Two of Mercy Health System’s hospitals (Nazareth Hospital and the former St. Agnes Medical Center) successfully challenged, before Judge Ludwig of the U.S. District Court for the Eastern District of Pennsylvania, the Secretary of Health and Human Services’ exclusion of days of care provided to Pennsylvania’s General Assistance (GA) patients in fiscal year 2002 from the formula used to determine the hospitals’ Medicare disproportionate share hospital (DSH) payments (Nazareth Hosp. v. Sebelius, E.D. Pa. No. 2:10-cv- 03513-EL, April 8, 2013). The exclusion resulted in lower Medicare DSH payments.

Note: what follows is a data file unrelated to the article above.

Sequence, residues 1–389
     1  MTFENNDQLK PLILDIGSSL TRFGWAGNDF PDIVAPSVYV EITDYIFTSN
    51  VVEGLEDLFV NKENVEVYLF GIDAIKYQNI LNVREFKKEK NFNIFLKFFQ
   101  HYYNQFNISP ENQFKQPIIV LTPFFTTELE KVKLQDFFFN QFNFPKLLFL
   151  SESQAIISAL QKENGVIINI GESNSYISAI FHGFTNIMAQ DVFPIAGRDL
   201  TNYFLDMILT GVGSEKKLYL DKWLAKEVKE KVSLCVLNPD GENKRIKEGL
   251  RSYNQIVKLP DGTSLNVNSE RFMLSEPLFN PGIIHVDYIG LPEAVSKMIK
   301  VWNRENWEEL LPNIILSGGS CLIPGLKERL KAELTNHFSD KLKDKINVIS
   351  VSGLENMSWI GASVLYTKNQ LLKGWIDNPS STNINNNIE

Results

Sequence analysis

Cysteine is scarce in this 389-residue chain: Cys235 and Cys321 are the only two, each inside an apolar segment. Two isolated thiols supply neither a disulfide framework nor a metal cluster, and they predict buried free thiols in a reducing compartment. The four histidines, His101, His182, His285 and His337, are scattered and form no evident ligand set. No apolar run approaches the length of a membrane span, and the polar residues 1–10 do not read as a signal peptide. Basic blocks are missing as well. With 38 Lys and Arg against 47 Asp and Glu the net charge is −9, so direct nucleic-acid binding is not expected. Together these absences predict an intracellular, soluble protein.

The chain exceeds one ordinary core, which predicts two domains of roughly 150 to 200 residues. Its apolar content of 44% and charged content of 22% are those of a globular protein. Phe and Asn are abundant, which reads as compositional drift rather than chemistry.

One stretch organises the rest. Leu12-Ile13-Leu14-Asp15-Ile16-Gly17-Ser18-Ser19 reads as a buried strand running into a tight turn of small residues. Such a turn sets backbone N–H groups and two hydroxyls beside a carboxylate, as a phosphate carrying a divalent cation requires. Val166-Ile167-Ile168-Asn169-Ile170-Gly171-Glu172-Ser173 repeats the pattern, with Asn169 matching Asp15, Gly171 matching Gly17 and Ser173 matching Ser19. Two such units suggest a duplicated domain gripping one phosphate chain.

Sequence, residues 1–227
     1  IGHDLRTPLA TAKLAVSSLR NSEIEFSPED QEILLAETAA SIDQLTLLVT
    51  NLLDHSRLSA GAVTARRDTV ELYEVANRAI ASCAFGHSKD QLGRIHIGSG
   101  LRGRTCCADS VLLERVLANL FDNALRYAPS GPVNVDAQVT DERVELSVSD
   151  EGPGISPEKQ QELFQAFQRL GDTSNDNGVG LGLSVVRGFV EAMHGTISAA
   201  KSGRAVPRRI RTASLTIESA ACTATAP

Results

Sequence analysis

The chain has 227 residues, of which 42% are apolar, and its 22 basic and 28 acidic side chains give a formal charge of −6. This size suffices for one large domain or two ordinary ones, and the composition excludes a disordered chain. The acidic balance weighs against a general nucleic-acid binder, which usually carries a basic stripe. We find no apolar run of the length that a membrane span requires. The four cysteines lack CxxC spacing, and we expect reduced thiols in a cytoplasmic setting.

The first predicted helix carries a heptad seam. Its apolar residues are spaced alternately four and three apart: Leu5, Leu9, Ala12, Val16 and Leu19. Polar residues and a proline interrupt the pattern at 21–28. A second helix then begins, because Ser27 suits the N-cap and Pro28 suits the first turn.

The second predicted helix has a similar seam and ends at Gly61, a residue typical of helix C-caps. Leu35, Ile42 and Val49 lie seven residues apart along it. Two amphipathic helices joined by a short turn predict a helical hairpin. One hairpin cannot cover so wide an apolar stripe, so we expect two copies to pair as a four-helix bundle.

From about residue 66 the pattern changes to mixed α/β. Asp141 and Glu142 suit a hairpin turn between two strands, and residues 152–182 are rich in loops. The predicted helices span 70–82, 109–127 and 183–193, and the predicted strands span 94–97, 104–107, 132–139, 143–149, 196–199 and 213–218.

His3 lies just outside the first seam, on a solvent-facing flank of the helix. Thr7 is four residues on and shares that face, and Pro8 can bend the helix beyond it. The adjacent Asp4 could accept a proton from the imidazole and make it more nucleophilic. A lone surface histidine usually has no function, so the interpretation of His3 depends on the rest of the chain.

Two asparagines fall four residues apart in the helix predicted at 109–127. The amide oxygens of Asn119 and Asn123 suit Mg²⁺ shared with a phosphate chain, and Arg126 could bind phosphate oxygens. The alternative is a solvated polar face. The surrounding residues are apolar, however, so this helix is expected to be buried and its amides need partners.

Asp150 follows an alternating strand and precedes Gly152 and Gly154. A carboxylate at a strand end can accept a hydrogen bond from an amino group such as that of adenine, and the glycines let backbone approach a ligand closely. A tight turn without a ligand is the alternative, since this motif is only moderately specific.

The Centers for Medicare and Medicaid Services (CMS) refused to count days of care for the plaintiff hospitals’ Pennsylvania GA patients on the stated basis that those patients are not “eligible” to receive benefits under the federal Medicaid program. Yet CMS regulations enacted in January 2000 simultaneously and expressly permitted hospitals located in Section 1115 waiver states to count non-Medicaid eligible expansion patients. Patients eligible for benefits in Section 1115 waiver states may have incomes as high of 200 percent of the federal poverty level (FPL). Patients eligible for benefits under the Pennsylvania GA program had incomes below 50 percent of FPL. In both cases, the days are federally funded through payments for inpatient services made through the state medical assistance program. In Pennsylvania, payments for qualifying GA patients equivalent to those provided to “traditional” Medicaid beneficiaries are provided for expressly under Pennsylvania’s federally approved state Medicaid plan. Despite these facts CMS allows hospitals in Section 1115 waiver states – such as, for example, in Delaware – to count non-Medicaid eligible waiver patients in their Medicare DSH calculation, resulting in increased Medicare DSH payments, while simultaneously prohibiting Pennsylvania hospitals from counting days for even more impoverished GA patients who are otherwise indistinguishable in their Medicare DSH calculations.
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